3. @Raul -There are known issues with two very specific version of Flash Player 10 on the Mac. The players that we know have problems are and on the Mac (Windows version seem to be fine in our tests). Unfortunately we don’t have a solution to this, since the latest version of Player 10 that’s in the prerelease program actually works fine (but you can only download it if you’re in the prerelease for flash player). We think that early versions of the beta 2 release of Player 10 introduced a bug with RSL loading that crashes the app. So we check for those particular versions and we try to redirect to our known issues page.

    Sorry for the issue, trust me, we wish we had it working with every player version. And we know that a lot of the people who are checking our stuff out are probably already running player 10.

  4. Matt says:

    Really nice job on this application. It is so nice to see large, well built, rich enterprise applications like this that aren’t covered up by 2 feet of NDAs. The Flex community needs more applications like this to show what the framework is truly capable of. Congrats on the start of an amazing product.

  5. Josh McDonald says:

    Looks awesome, Doug, congrats! *this* is why iPhone needs Flash, and Javascript just isn’t going to cut it any time soon.

  6. Pingback: SpatialKey Technology Preview | Cyril Hanquez

  7. Pretty sweet Doug,

    Couple of things. One, would love seeing some smooth animation on zoom in and out. And I disagree with your no innovation in mapping statement. While Google’s allowing you to move the map was nifty. It was not the mapping feature I was waiting for. The one that I considered the most innovative, actually more so just a no-brainer – was drag to adjust the route.

    That said, I like your cloud heat maps. I am curious, will you be offering any of this as a component, licensing, or incorporation into other apps.

    Might have some interest come winter.


    The Saj a.k.a. “The Dark Lord of the SWF”

  8. Grammar Nazi says:

    Grammar note: looks like there’s an error on the site. The word “it’s” only ever means “it is” or “it has” and never ever in a million years refers to the possessive. For example: “San Antonio releases it’s own crime statistics” really says “San Antonio releases it is own crime statistics”. This should be “San Antonio releases its own crime statistics”.

    Or “How is SpatialKey different from it’s competitors?” really says “How is SpatialKey different from it is competitors?”. Think like a programmer, Doug! Burn into your brain that “it’s” can only mean “it is” or “it has”. If you want to refer to the possessive, there’s no apostrophe. It’s just “its”.

  9. Doug,

    Great application. And although I know you can not give away any code from this application, I’m still going to ask the following;

    Can you give us any hints (code-wise, or otherwise) on how the data-display-effect is done? (I mean the cold/heat spots of course). I’d like to use something similar for something completely different (a photo album) and non-commercial.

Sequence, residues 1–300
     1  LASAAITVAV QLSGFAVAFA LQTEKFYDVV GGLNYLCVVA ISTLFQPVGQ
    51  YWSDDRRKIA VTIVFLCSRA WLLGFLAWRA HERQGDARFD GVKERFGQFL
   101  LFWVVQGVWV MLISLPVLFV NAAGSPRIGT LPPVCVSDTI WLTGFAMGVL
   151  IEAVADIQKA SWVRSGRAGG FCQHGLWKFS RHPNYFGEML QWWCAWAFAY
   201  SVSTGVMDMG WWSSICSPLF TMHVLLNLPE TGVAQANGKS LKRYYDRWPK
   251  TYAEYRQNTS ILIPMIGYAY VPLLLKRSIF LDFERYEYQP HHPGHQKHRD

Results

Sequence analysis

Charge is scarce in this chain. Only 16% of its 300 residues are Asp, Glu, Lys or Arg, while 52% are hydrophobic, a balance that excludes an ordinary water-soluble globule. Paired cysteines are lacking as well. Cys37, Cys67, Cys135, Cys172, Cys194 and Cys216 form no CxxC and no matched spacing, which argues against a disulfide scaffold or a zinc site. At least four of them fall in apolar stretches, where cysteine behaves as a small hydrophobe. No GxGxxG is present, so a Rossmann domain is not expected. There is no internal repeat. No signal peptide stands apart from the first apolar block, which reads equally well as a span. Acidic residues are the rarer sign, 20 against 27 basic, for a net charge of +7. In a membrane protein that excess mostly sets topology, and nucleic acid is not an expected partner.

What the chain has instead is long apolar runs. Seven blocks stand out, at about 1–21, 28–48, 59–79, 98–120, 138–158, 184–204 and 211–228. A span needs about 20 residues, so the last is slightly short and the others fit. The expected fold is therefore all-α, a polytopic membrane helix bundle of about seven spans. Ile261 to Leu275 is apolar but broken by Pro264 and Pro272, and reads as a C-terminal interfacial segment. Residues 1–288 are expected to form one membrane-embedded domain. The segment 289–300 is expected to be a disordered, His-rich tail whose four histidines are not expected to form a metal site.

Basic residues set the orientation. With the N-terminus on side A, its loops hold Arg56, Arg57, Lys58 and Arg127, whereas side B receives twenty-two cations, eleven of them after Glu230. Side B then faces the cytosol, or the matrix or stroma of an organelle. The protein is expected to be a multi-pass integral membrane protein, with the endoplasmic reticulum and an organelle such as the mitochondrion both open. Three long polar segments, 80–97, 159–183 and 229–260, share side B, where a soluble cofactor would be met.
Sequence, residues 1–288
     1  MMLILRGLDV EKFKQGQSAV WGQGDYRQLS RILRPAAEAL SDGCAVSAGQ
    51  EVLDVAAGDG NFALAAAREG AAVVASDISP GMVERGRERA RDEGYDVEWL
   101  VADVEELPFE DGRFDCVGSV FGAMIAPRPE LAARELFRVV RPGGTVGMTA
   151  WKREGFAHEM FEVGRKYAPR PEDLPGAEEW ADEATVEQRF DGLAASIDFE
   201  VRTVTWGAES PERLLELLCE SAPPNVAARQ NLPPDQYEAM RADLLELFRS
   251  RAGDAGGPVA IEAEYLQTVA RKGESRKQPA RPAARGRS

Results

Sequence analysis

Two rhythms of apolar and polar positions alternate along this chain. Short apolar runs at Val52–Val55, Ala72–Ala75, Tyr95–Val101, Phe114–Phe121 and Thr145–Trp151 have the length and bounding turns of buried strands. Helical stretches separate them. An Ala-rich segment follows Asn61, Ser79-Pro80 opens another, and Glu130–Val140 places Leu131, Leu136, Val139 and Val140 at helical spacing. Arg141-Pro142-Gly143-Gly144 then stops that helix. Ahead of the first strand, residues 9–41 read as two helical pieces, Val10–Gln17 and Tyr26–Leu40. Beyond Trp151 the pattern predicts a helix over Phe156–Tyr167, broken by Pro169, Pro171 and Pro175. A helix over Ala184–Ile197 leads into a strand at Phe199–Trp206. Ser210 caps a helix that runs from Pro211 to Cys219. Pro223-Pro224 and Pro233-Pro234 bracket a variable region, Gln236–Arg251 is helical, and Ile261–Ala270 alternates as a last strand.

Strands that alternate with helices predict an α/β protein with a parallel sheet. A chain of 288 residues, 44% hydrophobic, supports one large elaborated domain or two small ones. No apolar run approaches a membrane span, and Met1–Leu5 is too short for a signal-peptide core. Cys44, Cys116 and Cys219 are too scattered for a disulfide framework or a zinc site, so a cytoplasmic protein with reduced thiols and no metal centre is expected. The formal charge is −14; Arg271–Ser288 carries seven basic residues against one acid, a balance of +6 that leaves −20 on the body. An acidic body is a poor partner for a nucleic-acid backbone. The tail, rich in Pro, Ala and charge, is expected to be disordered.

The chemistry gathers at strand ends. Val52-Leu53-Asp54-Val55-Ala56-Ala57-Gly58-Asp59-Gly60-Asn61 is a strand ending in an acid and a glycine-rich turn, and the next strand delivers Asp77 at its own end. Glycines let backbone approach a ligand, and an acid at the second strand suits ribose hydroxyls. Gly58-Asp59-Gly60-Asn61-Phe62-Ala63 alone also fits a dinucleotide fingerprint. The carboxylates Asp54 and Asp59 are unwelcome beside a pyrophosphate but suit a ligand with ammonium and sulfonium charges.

A Frequent Reader 😉

  10. @Michael – yeah, you’ve got a part of the secret sauce. Now figure out how to do that with 10,000 latitudes and longitudes on a map. And once you’ve got that part figured out try doing it with about a million points 🙂 And then do it fast. I’m diggin your work though, I hope you keep going with that, seeing as how I can’t post code 😛 It’ll make us all better

    @Grammar Nazi – as Brandon already pointed out, I do the code, I don’t write the content. So if there’s some grammatical typo I can blame someone else… if you find a bug in the software then come bitch at me.

  11. Dan says:

    Not going to lie Doug, the Wal-Mart app alone blew my mind. Definitely looking into this more. Keep on rocking

  12. I like the 3D Temporal Heat Index view. That was unexpected and cool.

    Nice job on the app Doug. Now UM can start charging all the municipalities a butt-load of money for this shit…After all, Doug McCune doesn’t come cheap and he needs some coin to keep making more signature shirts.

  13. Doug, this is fantastic work. I agree whole heartedly that the Flash platform has a big advantage at overlaying rich interactive content over a map. I disagree that there has not been innovation in this space since google’s introduction of maps in 2005. Just ask Zach Graves at Yahoo!

  14. Dear GrammarNazi:

    Many people make typos. Doug is a very intellectual person and I have no doubt that he learned the difference between “it’s” and “its” in fourth grade like the rest of us. It’s easy to make typos when you write a lot – especially if you’re excited about something. As you may know, when you read something over many, many times, it’s easy to glance over a simple typo because you have everything memorized.

    Wouldn’t it be more polite to point out a typo instead of assuming that the person has a limited grasp of elementary grammar concepts?

    Maybe you’re a friend of Doug’s – who knows. Maybe the post is an inside joke. But if it’s not, I just want to give my two cents. Being a writer and having to edit myself constantly – I know how something simple can be overlooked. I also know that we should never underestimate the intelligence of others and little mistakes in life should be overlooked.

    Sorry to get off topic! Going to play with some visualizations now! Thanks for these great tools!

  15. Eduardo Nunes says:

    Hi Doug:

    I wounder if you could tell me if there is a way one can upload for example “.wmv” files straight into flex instead of “.flv” files.



  16. Pingback: » SpatialKey: insanely good geovisualization

Comments are closed.